Blue Ridge Parkway | LOOKING GLASS ROCK VIEW (MP 417)

View of Looking Glass Rock from the Blue Ridge Parkway

View of Looking Glass Rock from the Blue Ridge Parkway

View: ♦ ♦ ♦ ♦ / 5
Trails: Mountains to Sea Trail
Picnic Tables: None

If you have been traveling south from Asheville on the Blue Ridge Parkway, you’ve seen Looking Glass Rock plenty of times by now, though most likely you had no idea what it was called. Well, here it finally gets its very own overlook as it makes its first appearance to those traveling north from Cherokee. As a bonus, the view is clear of trees and other brush that block many of the vistas at the scenic overlooks.

Looking Glass Rock is one of the most distinctive mountains on the Blue Ridge Parkway, maybe the most distinctive. The mountain is what is called a “pluton.” This is a mass of molten rock that hardened below the earth’s surface. As the soil above it eroded away over millions of years, the hard rock—too hard to suffer the effects of erosion—was exposed. Today this mound of granite is one of the largest in the southeast. It gets its name from its sheer cliff faces that shine like a mirror when the sun hits them whenever they are wet. At nearly 4,000 feet tall, it is also a very popular destination for rock climbers.

All overlooks with views of Looking Glass Rock are facing east, which means the sun will be shining in your face if you visit these stops in the morning. Visit these overlooks in the late afternoon for the best photographs. The smog doesn’t help much either, so if you live nearby, come after a rainstorm. You’ll not only get a much clearer view, but you also might see the mirror effect on the cliff walls.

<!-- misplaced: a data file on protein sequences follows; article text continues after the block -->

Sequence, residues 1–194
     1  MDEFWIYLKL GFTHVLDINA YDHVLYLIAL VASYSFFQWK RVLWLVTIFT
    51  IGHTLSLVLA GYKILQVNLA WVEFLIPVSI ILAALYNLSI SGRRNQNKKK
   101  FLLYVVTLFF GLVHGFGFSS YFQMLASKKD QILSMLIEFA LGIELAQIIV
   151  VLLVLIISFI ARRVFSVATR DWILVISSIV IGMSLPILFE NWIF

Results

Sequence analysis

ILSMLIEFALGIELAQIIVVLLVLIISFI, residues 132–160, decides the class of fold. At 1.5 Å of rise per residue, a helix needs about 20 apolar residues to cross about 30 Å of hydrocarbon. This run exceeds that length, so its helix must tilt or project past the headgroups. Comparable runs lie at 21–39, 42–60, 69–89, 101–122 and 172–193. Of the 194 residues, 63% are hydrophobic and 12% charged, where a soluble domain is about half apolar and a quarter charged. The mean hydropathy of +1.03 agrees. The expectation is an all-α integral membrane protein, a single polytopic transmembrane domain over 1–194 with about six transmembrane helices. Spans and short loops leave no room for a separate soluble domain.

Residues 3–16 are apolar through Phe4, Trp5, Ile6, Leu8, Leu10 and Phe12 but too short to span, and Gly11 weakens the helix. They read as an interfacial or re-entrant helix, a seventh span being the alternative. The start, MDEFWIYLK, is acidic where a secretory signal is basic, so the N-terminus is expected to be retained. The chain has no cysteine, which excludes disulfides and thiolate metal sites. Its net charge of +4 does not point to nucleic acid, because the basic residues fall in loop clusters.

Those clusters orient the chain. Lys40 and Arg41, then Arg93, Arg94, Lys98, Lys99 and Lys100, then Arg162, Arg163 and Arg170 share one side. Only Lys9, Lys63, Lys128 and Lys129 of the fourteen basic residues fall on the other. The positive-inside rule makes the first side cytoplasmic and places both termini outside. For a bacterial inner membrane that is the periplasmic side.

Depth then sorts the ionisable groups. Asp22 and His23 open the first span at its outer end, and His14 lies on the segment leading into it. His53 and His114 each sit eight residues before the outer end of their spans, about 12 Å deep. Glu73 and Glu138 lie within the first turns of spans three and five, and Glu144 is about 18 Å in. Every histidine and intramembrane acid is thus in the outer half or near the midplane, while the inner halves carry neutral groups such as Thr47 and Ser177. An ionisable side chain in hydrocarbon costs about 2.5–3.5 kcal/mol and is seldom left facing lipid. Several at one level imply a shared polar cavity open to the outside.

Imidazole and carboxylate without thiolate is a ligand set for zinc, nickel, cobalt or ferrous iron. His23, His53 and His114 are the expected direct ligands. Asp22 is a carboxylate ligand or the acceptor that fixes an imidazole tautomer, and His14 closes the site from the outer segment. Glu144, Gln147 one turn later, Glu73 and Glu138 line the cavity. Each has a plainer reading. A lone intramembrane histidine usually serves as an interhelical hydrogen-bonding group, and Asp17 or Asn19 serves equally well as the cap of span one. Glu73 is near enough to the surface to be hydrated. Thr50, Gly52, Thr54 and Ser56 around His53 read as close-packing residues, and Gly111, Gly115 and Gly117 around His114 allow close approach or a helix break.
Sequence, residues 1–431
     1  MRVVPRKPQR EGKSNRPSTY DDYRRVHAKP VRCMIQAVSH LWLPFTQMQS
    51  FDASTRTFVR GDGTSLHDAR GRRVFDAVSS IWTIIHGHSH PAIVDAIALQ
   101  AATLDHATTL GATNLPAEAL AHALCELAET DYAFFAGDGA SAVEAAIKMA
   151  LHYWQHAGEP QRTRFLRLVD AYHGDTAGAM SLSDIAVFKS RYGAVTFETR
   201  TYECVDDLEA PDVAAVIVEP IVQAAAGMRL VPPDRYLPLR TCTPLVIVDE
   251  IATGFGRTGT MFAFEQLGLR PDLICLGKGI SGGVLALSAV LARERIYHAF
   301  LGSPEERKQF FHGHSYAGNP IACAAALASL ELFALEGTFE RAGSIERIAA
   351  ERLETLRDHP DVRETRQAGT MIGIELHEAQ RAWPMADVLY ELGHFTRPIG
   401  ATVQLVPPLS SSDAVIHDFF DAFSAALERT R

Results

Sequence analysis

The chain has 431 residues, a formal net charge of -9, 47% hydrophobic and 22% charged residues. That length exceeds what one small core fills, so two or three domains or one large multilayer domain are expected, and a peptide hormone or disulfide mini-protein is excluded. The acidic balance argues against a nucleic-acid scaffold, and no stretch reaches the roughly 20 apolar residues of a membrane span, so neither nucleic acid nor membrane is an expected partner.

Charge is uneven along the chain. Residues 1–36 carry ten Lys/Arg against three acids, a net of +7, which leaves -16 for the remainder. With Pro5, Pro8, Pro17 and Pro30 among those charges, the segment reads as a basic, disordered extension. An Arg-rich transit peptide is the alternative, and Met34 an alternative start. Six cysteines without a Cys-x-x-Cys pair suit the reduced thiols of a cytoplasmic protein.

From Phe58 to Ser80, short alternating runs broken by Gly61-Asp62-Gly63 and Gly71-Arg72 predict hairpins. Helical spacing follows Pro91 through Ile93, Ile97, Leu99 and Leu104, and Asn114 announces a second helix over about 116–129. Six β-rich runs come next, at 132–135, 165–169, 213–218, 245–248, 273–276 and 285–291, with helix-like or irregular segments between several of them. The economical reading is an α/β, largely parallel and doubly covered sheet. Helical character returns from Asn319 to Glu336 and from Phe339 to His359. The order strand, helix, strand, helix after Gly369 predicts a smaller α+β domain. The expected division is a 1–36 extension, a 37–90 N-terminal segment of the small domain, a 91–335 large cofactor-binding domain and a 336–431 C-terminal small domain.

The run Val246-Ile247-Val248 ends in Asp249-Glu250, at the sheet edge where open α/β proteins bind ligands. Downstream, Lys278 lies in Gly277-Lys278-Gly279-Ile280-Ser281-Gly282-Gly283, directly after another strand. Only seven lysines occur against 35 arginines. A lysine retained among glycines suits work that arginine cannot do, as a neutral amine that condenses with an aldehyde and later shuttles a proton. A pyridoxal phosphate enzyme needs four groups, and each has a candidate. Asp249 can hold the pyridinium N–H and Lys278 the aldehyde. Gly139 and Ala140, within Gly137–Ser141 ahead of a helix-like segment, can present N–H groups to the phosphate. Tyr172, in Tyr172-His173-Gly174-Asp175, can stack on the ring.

Panoramic view of Looking Glass Rock from the Blue Ridge Parkway (click to enlarge)

Panoramic view of Looking Glass Rock from the Blue Ridge Parkway (click to enlarge)

On the opposite side of the Blue Ridge Parkway is a trailhead for the Mountains to Sea Trail, a 1,150-mile trail that stretches from Great Smoky Mountains National Park to the North Carolina Outer Banks. It is not part of the National Park system, so I did not hike or review it, but you can get information about the trail on the Friends of the Mountains to Sea Trail website.

The Blue Ridge Parkway Outdoor Guide also lists an East Fork Trail as beginning at this stop. There is no other trailhead other than the one for the MTS, so if the East Fork Trail exists, it either branches off of the MTS somewhere down the line, or it is actually the trail that leads to the MTS.


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Last updated on November 26, 2023
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